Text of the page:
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octonion
04-03-2013, 05:35 AM
KRACH is a Bradley-Terry model, so it's essentially one line of code if you have the BradleyTerry2 library installed. Here's an example for NCAA hockey - I pull the data in from a PostgreSQL database, but you could just as easily pull it in from a CSV file.



ability s.e.
Quinnipiac 1.687042594 0.4015617
Massachusetts-Lowell 1.480098569 0.4152627
Minnesota 1.428503522 0.3987337
Yale 1.115338226 0.3989082
Miami 1.114307264 0.3874483
Notre Dame 1.109912670 0.3905815
Boston College 1.091836391 0.4111990
St. Cloud State 1.079314965 0.3940719
New Hampshire 1.073435003 0.4045978
Minnesota State 1.060248659 0.3939826
North Dakota 1.049186531 0.3850639
Denver 1.021083095 0.3894451
Wisconsin 0.977117172 0.3930831
Union 0.970033316 0.3846626
Boston University 0.858155343 0.4045506
Providence 0.844498240 0.4066967
Western Michigan 0.836673102 0.3925581
Rensselaer 0.805906367 0.3886128
Colorado College 0.682153112 0.3829429
Brown 0.643506424 0.3950588
Dartmouth 0.606402213 0.4027125
Cornell 0.601177557 0.3986595
Niagara 0.507046057 0.3407573
St. Lawrence 0.506592196 0.3896454
Nebraska-Omaha 0.501670266 0.4004176
Ohio State 0.484634063 0.3854241
Ferris State 0.458902800 0.3898522
Alaska 0.453101532 0.3881356
Michigan 0.427716979 0.3881034
Merrimack 0.396491819 0.4009867
Northern Michigan 0.339530527 0.3929070
Colgate 0.227082295 0.3924409
Bowling Green 0.219074108 0.3808444
Vermont 0.190351117 0.4109112
Massachusetts 0.162663066 0.4136942
Lake Superior 0.157525549 0.3945560
Maine 0.155738166 0.4019846
Minnesota-Duluth 0.154744103 0.4022561
Robert Morris 0.135182555 0.3384038
Michigan Tech 0.127051859 0.4025306
Princeton 0.088151020 0.4179692
Holy Cross 0.063385350 0.3443918
Michigan State 0.035728909 0.3856090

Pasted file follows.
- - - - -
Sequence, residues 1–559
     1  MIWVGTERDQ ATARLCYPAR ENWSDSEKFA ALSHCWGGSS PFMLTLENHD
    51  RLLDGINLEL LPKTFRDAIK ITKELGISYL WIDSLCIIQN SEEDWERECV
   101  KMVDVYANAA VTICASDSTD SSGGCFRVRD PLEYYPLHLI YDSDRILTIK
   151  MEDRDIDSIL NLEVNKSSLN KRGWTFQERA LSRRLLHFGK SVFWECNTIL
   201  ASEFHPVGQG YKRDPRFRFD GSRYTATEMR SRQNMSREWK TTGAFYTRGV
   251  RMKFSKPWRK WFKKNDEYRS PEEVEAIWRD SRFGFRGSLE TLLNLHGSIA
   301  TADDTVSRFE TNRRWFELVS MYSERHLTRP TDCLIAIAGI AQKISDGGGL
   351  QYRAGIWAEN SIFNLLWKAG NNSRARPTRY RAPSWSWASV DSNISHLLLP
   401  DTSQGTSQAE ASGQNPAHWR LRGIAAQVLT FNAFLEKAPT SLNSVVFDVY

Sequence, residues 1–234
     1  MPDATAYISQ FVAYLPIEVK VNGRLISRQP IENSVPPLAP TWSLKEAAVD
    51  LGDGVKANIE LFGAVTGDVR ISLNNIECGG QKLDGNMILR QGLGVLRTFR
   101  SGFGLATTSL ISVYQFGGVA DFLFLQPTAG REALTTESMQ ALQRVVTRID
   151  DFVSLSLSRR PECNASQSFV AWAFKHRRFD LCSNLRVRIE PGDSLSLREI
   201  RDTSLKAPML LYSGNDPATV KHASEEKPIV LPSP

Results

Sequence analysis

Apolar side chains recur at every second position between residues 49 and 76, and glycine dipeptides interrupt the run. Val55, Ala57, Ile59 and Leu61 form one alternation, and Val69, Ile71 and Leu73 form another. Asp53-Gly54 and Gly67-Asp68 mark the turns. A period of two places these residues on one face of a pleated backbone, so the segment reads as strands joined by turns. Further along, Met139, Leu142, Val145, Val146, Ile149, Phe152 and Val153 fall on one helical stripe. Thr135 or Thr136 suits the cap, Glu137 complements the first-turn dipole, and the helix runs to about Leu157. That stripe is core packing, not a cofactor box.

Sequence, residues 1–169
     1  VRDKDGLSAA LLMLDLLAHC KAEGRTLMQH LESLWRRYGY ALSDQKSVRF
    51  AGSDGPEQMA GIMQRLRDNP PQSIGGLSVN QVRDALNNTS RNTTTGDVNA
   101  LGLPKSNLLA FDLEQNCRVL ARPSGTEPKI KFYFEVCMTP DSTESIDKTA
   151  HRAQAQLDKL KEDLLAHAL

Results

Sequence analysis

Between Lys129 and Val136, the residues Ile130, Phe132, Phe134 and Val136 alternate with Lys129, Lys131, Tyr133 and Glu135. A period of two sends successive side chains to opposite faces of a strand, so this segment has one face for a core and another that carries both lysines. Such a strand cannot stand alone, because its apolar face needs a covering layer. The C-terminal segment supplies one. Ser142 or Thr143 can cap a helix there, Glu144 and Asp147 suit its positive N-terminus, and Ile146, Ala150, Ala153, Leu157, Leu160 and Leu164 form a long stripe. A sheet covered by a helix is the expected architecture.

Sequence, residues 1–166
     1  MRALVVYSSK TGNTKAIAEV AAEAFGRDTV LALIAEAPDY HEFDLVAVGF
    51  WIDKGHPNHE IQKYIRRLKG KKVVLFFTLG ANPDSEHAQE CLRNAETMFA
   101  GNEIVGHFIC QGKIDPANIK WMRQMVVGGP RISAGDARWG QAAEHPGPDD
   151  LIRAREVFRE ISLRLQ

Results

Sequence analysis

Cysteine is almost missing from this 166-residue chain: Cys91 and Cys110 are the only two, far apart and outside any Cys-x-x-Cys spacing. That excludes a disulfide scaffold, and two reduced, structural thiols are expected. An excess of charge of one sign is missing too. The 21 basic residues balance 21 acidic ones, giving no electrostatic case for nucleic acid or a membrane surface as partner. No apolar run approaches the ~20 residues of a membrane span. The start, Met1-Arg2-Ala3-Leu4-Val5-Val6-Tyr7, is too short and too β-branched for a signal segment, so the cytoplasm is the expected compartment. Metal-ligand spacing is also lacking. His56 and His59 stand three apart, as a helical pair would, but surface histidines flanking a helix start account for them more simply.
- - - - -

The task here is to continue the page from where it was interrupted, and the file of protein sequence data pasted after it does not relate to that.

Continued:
Connecticut 0.028681519 0.3442945
Harvard 0.001044263 0.4123571
Air Force 0.000000000 0.0000000
Clarkson -0.087168523 0.3859485
Mercyhurst -0.093427249 0.3285750
Canisius -0.124904828 0.3173180
Penn State -0.260184132 0.3994084
Northeastern -0.321786574 0.4311376
RIT -0.341212033 0.3342737
Bemidji State -0.390893122 0.4180260
Alaska-Anchorage -0.665342193 0.4231321
American International -0.688257125 0.3544133
Bentley -0.873450718 0.3580658
Army -1.320134678 0.3763609
Sacred Heart -2.358840449 0.4537438
Alabama-Huntsville -2.443111193 0.6618266


https://github.com/octonion/hockey/tree/master/uscho_krach

Craig P.
04-03-2013, 10:45 AM
Those numbers don't look right. There should not be negative ratings.

Patman
04-03-2013, 10:48 AM
Those numbers don't look right. There should not be negative ratings.

He used a logistic regression but didn't transform back.

Further, if somebody knows R then doing KRACH is not hard. The nice reality of KRACH is that the particular contrasts used allows a side-step of the Jacobian matrix.

Exponentiate by e^x and its correct

goblue78
04-03-2013, 12:50 PM
I was going to make a joke about negative KRACH ratings but Patman went ahead and cleared it up. So instead I'll make the point that the biggest (KRACH-based) upset of the year is of course AIC over QU, about a 9 percent probability. I suspect if you ask most people they'd think the probability was a lot lower than that. If teams' schedules mixed better, you'd get several upsets like that every single year.

Wisko McBadgerton
04-03-2013, 04:41 PM
I was going to make a joke about negative KRACH ratings but

I'm a little sad now because I bet it was going to be hilarious!

octonion
04-03-2013, 09:03 PM
Different scale; take the exponential and you have the power ratings for the teams. Here's an article and simpler code:

http://angrystatistician.blogspot.com/2013/04/lunchtime-sports-science-fitting.html

Patman
04-03-2013, 09:22 PM
And here it is written in one line


krach.val=rep(100,n.teams)
for(count in 1:20){
krach.val=unlist(lapply(1:n.teams,function(wobble) {sum(wlt.mtx.nat[wobble,])/(sum(games.mtx.nat[wobble,]/(krach.val[wobble]+krach.val)))}))

}


Now, true, this doesn't have a convergence check, I could make one with a couple more lines but it turns out I don't care.

octonion
04-03-2013, 11:57 PM
Yes, a fixed-point algorithm usually works well. You'll only run into convergence problems if the teams can be separated into two groups such that no team in one group has beaten a team in the other group.